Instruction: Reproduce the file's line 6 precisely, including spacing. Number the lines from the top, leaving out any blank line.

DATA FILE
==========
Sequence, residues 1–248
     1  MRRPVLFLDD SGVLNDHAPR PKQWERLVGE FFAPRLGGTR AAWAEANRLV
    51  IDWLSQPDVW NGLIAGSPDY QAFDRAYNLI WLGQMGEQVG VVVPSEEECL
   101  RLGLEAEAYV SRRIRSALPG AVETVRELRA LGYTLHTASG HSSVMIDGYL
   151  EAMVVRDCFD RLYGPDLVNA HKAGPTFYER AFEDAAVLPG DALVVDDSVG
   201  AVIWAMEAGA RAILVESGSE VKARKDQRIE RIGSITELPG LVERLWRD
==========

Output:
   201  AVIWAMEAGA RAILVESGSE VKARKDQRIE RIGSITELPG LVERLWRD